Something told me she wasn’t engaging in my suggestions.
‘You father would have liked the library.’
You need to remember that, when my mother prayed in aide my father, it was a sign to me that I was on the wrong track. So, thinking quickly, I realised she wanted to keep the library as it was which would mean a single bed. Even then it would be difficult for her to have a wardrobe downstairs. ‘I suppose we could change the cupboard under the stairs, make it a small wardrobe. But then…’
‘I like my bedroom, dear. It’s lovely to look out over the garden.’
That threw me. ‘Yes, but if the stairs are proving to be a challenge we need…’
‘I thought a lift.’
Now this was a turn up. If mum had ever commented on a stair lift it wasn’t complimentary. ‘Really? Okay. Well if you think so? I can talk to a couple of the providers, find out what they can do and the sort of prices and…’
‘A nice young man (another hint that she was ahead of me) came round last week. It will be a bit of a technical challenge but he was sure they could sort it out.’
‘Right? Who…? When…?’
‘They’re called Stanna. Dorothy (one of her WI stalwarts) raves about hers. The grandchildren love it.’
‘Oh. Yes, well. Marvellous. Do you want me to talk to him, find out what..’
‘I just wondered if you wanted to be here when they fit it? They say it will take them about four weeks from now.’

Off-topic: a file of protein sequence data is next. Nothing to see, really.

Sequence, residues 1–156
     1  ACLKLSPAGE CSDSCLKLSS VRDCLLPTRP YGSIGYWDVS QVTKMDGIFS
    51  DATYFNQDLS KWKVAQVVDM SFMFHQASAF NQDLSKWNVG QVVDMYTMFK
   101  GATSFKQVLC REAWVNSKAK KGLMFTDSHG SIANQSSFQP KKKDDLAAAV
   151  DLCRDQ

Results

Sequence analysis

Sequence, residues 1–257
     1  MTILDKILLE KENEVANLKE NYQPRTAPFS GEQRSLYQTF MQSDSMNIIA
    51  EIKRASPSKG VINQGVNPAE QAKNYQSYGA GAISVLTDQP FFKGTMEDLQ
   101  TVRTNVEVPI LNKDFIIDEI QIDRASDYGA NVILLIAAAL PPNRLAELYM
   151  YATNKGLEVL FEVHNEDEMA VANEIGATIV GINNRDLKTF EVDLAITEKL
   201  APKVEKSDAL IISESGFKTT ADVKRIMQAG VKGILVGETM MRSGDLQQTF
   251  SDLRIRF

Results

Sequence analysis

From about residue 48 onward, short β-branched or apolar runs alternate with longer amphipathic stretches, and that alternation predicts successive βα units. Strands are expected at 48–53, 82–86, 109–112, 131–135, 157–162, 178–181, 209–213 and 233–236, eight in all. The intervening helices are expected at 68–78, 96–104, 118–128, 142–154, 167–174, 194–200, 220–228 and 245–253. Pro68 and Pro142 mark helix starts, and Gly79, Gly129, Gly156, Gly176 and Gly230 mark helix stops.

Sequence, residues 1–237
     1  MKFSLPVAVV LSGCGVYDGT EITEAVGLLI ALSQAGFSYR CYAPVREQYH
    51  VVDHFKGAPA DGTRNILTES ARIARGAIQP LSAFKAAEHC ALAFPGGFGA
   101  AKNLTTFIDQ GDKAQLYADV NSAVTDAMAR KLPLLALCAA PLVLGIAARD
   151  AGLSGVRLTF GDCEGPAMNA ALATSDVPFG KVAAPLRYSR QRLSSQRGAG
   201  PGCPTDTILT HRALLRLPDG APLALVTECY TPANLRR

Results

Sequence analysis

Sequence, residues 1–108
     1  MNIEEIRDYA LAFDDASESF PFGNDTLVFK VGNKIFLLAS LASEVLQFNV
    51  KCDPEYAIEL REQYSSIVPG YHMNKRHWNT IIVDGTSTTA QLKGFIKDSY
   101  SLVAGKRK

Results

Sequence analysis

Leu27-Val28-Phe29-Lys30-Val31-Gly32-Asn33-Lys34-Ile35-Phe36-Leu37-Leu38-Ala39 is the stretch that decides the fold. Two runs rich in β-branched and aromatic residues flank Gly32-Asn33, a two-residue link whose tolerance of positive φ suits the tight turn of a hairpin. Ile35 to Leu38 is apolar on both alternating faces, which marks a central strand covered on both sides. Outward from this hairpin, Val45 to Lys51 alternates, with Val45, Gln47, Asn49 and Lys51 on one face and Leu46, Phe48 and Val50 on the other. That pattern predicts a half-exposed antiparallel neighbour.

You couldn’t help smiling; she had it all sorted out and she played me like a rather dopey carp. Dad would have huffed and puffed, would have wanted to get competitive quotes and, in his last few years, debated things with me and the Archaeologist. She was well aware that when he knew he was dying, he impressed on me and the Archaeologist that we had to look after mum (as if it needed saying, though he wasn’t saying it for us but for mum, the subliminal message being ‘Barbara, your sons will help you if you listen to them.’) And the stages we went through that afternoon, the ritualised dance was playing to his memory rather than any inclination mum had to discuss something as mundane as a stair lift with me. Yes, she was saying, I know you can help but (a) I don’t want to bother you; and (b) I’ll ask for help when I need it; but (c) just in case he’s still listening let’s pretend that I’ve consulted you.
The lift proved to be a success. She loved it, regally disappearing upstairs with a tray on her lap with whatever she needed. To my knowledge it never let her down and enabled her to spend her nights in her bedroom, at least until her final few weeks. And yes, it was appreciated by great nieces and nephews and grandchildren. For her it was Per Stanna Ad Astra – she couldn’t be doing with the Ardua bit, not if she didn’t have to…
As I watched her disappear round the corner before she dismounted I speculated on whether, had dad been the surviving parent, he would have had a stair lift. No, I decided, he would have converted the dining room. He would have said it was because of cost but really it would have been because he wanted to hide any frailty. Oddly, it was mum’s strength that she could embrace her weaknesses that made her the stronger of the two. How often is that true?
And here’s a poem of Dad’s about fun in the third age…